What great writing looks like: “Dark Sun: The Making of the Hydrogen Bomb”

In Richard Rhodes’s Dark Sun: The Making of the Hydrogen Bomb, Rhodes quotes nuclear physicist Rudolf Peierls as saying that “[Traitor and spy Klaus Fuchs] was courteous and even-tempered. He was rather silent, unless one asked him a question, when he would give a full and articulate answer; for this Genia called ‘Penny-in-the-slot.'” That’s on page 57.

On page 175, Rhodes describes the famous Trinity atomic bomb test at Alamagordo, New Mexico, and quotes I. I. Rabi, another physicist, at length. Then Rhodes writes, “Fuchs was there to see the new thing he had caused to proliferate, the new control, but no one put a penny in his slot, so he left no record of how the unique experience affected him.” “No one put a penny in his slot:” the phrase does a lot of deft work in that sentence, pointing to the seeming incuriosity of everyone around Fuchs; to Fuchs’s character itself; to the way he responds rather than initiating (despite him working on atomic weapon initiator design). Rhodes takes what could have been an evocative-but-throwaway line and reconfigures it, connecting the two sections of the book through unusual but suddenly gorgeous language.

Another point about this pairing: it can’t really be generalized to a rule. Few if any writing books advise good writers to call back to an evocative description a hundred pages later, and to do so with an unexpected twist. Rhodes does it. He hits the high note here.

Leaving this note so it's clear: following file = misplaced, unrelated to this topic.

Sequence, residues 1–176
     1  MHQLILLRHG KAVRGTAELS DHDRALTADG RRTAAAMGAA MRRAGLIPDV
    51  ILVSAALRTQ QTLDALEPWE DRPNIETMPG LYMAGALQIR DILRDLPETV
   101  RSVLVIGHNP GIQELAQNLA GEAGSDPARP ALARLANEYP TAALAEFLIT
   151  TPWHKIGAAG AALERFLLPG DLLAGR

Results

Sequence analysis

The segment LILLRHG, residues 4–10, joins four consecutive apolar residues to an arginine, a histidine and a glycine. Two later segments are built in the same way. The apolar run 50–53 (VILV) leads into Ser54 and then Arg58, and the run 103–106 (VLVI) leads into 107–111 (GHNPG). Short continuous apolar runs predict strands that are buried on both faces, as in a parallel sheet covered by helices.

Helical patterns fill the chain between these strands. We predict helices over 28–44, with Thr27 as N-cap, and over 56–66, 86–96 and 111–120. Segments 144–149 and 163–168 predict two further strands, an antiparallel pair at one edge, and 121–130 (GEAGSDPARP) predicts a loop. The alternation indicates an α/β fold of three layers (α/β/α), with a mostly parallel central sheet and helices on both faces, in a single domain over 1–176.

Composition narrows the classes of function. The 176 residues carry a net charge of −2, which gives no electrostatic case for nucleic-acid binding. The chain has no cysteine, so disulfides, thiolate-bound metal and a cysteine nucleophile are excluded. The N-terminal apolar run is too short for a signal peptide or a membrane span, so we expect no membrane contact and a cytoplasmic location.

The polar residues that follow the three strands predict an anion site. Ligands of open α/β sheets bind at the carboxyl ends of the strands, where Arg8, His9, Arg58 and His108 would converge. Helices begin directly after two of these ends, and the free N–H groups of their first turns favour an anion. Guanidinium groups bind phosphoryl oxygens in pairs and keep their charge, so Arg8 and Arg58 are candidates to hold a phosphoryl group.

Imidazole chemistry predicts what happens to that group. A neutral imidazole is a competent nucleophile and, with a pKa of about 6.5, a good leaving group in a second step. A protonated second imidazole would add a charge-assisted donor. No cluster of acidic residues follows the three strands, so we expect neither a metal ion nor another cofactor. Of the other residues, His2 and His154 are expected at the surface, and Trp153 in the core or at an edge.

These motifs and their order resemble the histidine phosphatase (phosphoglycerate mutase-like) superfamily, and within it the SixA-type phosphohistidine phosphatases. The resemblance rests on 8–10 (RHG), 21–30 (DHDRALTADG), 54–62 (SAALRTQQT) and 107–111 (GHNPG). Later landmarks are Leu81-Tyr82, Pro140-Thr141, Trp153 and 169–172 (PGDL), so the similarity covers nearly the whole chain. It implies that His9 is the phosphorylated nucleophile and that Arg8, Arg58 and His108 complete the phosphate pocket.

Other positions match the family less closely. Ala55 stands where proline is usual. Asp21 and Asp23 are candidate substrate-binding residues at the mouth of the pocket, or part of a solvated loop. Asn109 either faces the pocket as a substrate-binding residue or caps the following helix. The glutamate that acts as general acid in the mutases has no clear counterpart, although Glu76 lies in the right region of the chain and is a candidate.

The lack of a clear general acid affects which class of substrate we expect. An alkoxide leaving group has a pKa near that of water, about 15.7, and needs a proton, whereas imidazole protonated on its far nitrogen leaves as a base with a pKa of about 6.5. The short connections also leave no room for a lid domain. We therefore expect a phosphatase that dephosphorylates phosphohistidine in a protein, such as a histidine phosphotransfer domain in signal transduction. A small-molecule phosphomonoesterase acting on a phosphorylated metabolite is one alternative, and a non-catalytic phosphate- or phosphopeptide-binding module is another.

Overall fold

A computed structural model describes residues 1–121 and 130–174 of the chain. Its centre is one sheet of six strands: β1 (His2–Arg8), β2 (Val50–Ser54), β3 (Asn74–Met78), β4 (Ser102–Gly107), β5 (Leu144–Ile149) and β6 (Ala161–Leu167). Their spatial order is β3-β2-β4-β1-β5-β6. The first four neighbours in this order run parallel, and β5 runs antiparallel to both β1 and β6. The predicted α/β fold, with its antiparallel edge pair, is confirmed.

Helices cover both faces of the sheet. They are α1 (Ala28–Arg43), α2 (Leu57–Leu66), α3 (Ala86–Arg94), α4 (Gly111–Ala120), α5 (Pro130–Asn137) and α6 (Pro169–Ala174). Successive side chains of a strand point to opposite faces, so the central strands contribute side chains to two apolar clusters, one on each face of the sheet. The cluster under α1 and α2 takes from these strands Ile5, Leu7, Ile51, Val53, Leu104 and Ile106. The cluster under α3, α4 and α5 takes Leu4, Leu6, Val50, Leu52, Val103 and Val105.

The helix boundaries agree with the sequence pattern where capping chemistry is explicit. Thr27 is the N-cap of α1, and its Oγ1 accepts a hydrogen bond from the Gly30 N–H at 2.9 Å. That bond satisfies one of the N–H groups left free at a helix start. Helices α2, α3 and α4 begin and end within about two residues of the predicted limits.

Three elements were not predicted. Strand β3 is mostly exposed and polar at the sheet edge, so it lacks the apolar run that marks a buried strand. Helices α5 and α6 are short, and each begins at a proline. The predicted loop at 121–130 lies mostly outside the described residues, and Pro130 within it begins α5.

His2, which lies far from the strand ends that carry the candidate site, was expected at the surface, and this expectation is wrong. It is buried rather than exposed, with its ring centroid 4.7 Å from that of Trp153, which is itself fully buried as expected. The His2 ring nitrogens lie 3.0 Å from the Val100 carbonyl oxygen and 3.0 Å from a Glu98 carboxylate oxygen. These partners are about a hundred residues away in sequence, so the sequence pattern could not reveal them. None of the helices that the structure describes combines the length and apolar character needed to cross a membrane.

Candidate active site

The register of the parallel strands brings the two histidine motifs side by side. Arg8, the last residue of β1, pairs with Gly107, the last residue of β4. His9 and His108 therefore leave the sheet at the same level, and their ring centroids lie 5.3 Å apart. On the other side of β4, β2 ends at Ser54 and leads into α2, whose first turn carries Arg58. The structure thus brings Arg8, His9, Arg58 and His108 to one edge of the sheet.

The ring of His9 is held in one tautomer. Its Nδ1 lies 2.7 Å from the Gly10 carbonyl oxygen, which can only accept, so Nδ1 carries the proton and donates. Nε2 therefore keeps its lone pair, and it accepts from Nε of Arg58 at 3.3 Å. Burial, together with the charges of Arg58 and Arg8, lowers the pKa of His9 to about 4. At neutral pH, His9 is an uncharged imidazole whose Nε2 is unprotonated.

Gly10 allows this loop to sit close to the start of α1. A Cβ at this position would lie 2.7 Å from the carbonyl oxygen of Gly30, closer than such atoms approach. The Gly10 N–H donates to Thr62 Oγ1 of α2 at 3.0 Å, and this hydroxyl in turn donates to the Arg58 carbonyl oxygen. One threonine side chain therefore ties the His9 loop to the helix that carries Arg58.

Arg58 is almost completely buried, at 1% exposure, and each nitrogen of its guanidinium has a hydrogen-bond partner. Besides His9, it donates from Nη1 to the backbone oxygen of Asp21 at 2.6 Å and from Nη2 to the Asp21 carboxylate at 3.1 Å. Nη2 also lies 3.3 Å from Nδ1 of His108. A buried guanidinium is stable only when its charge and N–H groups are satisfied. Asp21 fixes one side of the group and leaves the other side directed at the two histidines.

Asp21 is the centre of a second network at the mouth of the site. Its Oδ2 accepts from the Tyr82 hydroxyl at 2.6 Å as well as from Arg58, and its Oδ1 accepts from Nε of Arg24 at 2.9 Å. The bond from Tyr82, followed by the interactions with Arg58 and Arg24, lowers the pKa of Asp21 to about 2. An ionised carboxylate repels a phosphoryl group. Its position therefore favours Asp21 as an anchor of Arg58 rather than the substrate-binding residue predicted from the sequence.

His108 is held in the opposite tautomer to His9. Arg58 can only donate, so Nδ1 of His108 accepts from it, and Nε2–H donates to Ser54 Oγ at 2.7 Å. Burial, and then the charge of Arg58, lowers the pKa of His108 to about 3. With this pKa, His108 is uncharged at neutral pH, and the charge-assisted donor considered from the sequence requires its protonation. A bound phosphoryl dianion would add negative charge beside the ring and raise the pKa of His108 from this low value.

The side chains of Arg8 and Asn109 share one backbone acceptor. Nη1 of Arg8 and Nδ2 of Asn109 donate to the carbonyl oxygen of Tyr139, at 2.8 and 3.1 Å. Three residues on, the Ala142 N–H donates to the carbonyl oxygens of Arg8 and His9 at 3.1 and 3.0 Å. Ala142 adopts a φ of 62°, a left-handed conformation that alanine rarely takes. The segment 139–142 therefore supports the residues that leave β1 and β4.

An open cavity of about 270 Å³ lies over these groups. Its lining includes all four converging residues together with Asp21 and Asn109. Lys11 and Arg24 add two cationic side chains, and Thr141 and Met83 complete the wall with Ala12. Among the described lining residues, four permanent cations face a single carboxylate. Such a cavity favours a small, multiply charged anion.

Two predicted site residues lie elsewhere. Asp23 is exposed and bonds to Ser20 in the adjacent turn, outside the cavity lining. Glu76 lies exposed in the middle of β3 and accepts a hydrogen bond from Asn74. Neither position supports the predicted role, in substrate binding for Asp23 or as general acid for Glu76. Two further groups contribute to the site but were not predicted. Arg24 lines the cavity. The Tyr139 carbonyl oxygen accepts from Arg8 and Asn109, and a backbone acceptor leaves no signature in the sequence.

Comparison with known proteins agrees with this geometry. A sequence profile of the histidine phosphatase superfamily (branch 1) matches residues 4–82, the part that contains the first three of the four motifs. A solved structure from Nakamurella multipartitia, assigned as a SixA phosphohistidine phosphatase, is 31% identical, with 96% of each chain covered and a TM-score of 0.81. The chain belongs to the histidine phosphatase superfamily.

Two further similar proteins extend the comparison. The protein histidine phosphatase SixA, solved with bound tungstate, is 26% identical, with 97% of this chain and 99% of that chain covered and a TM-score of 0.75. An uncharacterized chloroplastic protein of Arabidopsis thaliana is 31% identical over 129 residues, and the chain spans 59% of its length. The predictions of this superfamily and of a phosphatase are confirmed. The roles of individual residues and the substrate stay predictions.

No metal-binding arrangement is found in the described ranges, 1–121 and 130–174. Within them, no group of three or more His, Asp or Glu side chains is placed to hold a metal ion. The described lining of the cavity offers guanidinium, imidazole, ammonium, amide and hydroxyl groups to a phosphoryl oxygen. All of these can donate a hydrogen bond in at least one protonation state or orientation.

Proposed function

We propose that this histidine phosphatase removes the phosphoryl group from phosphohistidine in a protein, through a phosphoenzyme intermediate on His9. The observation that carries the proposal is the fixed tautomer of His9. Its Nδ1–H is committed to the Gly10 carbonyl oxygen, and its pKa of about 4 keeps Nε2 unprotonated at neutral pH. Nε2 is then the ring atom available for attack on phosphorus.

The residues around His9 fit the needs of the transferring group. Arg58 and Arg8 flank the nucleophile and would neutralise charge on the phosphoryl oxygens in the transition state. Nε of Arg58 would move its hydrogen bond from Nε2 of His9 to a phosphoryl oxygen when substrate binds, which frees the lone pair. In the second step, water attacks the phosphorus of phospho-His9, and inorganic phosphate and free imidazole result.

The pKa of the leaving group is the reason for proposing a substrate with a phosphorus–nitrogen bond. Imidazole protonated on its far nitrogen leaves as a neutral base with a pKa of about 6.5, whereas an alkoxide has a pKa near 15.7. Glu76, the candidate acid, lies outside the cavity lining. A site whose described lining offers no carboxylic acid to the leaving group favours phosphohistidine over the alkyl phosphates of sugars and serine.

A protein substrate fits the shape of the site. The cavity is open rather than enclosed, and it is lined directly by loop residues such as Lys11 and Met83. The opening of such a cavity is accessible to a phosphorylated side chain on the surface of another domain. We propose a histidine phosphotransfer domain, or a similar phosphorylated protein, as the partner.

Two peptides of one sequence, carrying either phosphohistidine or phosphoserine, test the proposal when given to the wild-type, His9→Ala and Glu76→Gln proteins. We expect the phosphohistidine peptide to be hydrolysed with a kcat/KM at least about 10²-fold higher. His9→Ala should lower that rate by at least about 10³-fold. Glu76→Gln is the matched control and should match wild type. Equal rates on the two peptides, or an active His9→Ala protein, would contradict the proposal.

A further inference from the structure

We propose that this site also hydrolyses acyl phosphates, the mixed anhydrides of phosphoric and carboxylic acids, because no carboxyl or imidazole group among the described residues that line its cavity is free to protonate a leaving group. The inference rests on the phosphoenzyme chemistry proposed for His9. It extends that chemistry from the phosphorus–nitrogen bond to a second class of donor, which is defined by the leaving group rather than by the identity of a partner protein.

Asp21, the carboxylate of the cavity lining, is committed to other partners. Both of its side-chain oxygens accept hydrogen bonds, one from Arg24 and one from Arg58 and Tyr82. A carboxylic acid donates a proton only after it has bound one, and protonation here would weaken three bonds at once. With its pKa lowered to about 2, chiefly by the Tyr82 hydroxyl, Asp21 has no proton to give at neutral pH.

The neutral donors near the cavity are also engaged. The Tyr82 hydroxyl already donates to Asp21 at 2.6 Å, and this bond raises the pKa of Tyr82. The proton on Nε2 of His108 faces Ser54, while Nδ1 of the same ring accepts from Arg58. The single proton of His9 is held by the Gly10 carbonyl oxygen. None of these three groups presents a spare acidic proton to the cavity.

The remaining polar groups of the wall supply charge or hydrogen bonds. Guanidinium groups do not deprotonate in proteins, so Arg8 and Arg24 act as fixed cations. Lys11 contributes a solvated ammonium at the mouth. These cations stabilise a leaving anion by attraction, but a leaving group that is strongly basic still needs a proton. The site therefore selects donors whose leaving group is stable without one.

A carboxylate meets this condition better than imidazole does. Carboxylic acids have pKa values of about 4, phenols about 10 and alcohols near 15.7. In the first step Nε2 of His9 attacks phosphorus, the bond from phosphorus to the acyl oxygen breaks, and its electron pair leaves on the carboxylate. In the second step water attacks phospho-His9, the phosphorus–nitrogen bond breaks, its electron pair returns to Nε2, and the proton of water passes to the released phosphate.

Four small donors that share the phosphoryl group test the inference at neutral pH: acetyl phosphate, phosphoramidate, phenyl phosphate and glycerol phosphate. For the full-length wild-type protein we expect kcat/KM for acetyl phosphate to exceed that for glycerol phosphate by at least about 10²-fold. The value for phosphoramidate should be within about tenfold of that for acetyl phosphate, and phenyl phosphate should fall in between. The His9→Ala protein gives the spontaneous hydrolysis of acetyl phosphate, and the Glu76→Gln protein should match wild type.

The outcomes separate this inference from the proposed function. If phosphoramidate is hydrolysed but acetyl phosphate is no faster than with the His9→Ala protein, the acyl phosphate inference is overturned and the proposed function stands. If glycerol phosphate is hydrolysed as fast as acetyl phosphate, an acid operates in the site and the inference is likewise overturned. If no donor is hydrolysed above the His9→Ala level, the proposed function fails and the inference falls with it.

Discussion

The book itself is about history, technology, politics, human motivation, human character, institutions, industrial organization, and many other topics. He writes, for example, about what made communism attractive to western communists, despite the fact that it doesn’t work. He writes, “Communism in any case was intensely fashionable at English universities between the World Wars.” It seems strange that anyone could have been attracted to Communism; as Stalin’s Great Terror unfolds through the 1930s, it becomes even stranger. Then again, socialism is having a strange vogue today, among people who seem not to quite understand what it entails (one definition, from Apple’s included Oxford American Diction: “a political and economic theory of social organization which advocates that the means of production, distribution, and exchange should be owned or regulated by the community as a whole.”) It’s possible of course for a “community” to own a company today, as with coops, or for individuals to own companies; they just tend to be outcompeted by publicly-owned companies, which ought to tell us something useful.

Still, Communism as a topic remains of interest not so much because of the fact that it fails, but because it could inspire people to betray their own, functional countries in favor of a dystopian hellscape like Soviet Russia. What makes a person do that? What does the motivation of a person doing that tell us about people as a whole, personality as a whole? What makes people choose and advocate for the clearly inferior choice? These are questions without final answers, which makes them interesting.

Links: Cheese and olive oil, Greenland is melting, aspirational mate pursuit, OLED computer displays, and more!

* “Greenland’s Melting Ice Nears a ‘Tipping Point.'” I wonder what it is going to take for us to start really doing something, like taxing carbon emissions and building a substantial number of new nuclear power plants.

* Funny book review: “Nice for What? A comic’s look at dating now.” Or, as Arts & Letters Daily puts it, “When did campy misandry become contemporary shorthand for communicating one’s feminist bona fides?” A favorite line: “Having a relationship is a lot like writing: To be good at it, you have to be interested in other people and believe you have something interesting to offer them in return. Many people who pursue either do so poorly because they are actually interested only in themselves.”

* CO2 rises in well-sealed, closed-door bedrooms, so maybe, when possible/feasible, we shouldn’t sleep with the door closed?